ESPRIT showcased at the 44th European Transport Conference in Barcelona in October


Location: Barcelona (Spain)

The 44th European Transport Conference (ETC) was held in Barcelona from 5th - 7th October 2016. ETC is a high profile conference that connects the worlds of research, consultancy, policy and practice. The ESPRIT project was well represented at the conference with four presentations, as well as a carsharing debate: Will one-way car sharing take over urban transport? (shown in the photo below). Bodo Schwieger of Team Red joined the debate via the internet.

Peter Davidson (of Peter Davidson Consultancy) gave two presentations: Measuring people’s perceptions of different features of a new type of electric vehicle using stated preference and Converting a conventional transport model into an agent based transport model with as much about activities and lifestyle choices as possible.

Samantha Gordon-Harris of Vectos gave a presentation On the Factors Affecting the Potential Development of One-Way Car Sharing Networks in Cities. This is part of the work Vectos has delivered in assessing the potential market for ESPRIT in European and global cities. This was an interactive session where the findings were validated and discussed by experts in the audience to identify how ESPRIT can complement public transport system and fill gaps in coverage.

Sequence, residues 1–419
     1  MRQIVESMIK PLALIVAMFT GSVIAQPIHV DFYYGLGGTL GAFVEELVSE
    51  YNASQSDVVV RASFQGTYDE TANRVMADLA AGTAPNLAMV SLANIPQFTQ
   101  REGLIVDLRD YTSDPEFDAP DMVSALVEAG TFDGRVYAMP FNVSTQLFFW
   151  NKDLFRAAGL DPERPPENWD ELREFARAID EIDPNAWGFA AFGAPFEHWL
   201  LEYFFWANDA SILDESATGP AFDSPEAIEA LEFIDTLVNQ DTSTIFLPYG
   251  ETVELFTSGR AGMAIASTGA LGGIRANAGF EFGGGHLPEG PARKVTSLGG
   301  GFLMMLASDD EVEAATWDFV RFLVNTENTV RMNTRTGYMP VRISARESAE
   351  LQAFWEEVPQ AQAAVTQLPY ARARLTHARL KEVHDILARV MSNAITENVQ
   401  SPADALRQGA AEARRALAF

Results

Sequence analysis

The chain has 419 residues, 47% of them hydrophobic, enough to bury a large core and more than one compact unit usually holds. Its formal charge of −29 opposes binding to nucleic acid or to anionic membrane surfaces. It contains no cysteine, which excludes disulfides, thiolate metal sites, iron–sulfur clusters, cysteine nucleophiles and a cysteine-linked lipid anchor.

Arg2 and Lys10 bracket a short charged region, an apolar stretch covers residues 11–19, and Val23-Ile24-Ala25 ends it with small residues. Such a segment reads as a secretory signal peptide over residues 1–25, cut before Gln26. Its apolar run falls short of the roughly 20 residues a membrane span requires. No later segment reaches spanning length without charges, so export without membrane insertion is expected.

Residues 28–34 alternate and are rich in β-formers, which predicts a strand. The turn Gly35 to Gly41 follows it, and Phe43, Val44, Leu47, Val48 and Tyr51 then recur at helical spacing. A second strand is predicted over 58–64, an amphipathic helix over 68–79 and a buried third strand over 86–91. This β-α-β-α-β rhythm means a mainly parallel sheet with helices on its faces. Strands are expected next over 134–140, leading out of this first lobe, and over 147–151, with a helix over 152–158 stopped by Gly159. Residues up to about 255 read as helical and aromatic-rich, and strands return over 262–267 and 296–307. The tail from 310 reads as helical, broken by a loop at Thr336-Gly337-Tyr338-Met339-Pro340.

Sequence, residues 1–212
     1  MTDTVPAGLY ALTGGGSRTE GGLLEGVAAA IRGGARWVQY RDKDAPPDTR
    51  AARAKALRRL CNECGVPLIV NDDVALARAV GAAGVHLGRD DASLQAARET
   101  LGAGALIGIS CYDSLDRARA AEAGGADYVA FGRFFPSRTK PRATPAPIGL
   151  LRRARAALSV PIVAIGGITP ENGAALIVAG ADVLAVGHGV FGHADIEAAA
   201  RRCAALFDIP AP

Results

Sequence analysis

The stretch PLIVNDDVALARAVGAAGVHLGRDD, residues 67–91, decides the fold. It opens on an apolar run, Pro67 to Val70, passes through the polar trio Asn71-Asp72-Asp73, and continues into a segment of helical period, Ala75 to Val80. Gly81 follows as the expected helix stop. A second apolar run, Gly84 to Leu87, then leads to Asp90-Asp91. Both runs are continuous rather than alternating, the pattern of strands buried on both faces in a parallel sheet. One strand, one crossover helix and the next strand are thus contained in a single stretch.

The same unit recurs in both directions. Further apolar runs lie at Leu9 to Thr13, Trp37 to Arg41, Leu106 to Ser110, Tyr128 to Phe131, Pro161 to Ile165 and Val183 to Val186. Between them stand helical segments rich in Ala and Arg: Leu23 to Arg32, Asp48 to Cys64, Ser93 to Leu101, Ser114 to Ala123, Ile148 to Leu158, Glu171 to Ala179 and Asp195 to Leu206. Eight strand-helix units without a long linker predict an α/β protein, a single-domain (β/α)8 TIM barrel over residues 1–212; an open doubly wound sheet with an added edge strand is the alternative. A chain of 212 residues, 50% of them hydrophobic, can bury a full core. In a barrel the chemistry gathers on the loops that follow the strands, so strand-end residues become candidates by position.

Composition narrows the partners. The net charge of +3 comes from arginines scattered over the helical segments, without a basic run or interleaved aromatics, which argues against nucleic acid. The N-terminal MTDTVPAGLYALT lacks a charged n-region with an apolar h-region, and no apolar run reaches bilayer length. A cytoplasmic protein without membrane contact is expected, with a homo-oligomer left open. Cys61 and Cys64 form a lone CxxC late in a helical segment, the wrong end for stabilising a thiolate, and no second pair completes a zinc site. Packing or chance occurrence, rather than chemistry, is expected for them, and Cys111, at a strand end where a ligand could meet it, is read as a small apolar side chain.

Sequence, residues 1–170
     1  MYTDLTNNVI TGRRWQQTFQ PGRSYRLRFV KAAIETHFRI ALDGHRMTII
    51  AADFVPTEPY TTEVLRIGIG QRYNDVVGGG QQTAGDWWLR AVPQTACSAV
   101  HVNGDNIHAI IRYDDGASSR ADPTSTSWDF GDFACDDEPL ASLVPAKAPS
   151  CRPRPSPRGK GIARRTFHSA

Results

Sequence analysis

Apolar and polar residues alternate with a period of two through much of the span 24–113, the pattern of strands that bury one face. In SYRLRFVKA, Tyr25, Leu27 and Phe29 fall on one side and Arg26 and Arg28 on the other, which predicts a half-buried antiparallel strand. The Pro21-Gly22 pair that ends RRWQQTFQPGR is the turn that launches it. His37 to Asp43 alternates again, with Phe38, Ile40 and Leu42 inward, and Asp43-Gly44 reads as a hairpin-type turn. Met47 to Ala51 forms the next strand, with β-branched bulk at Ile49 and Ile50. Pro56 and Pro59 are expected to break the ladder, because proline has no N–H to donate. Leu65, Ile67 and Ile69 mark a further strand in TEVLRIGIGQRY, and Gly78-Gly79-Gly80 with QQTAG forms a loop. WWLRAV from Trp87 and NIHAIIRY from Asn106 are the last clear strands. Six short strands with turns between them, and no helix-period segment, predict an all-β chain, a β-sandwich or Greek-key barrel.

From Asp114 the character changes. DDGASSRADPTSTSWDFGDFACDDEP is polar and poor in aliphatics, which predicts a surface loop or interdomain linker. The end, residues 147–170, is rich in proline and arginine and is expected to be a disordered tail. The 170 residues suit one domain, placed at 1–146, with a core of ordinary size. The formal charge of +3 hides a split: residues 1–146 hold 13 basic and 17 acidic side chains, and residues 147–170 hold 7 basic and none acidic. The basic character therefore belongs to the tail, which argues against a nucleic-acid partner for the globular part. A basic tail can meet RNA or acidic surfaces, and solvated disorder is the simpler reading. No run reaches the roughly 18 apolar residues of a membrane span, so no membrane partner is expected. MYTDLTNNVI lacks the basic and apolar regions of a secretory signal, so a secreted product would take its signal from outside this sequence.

Samantha went on to stress potentially important factors affecting the likely success of a one way car sharing system such as population density, available parking, public transport coverage, smart phones coverage, polycentric centres and the existence of a preceding car sharing system. For example, polycentric cities (with multiple centres) are assumed to have decentralised activities and land uses in areas that require inter-mobility. This can make developing a public transport system more challenging than for centralised cities and so car sharing offers a more cost effective alternative while supporting individual mobility. Using the ranking methodology developed in the research, cities including London, Stockholm, Glasgow and Singapore scored highly suitable for ESPRITtype systems. However, in any city, public support is essential to integrate car sharing into the range of urban mobility solutions.

Raffaele Bruno of CNR presented on Can data mining help car sharing?

The ESPRIT mockup vehicles and the innovative drive train system were on display outside the conference centre (see photos below). These were very well received and the ‘stackable’ distribution concept system is already winning support from cities and public transport operators from across Europe.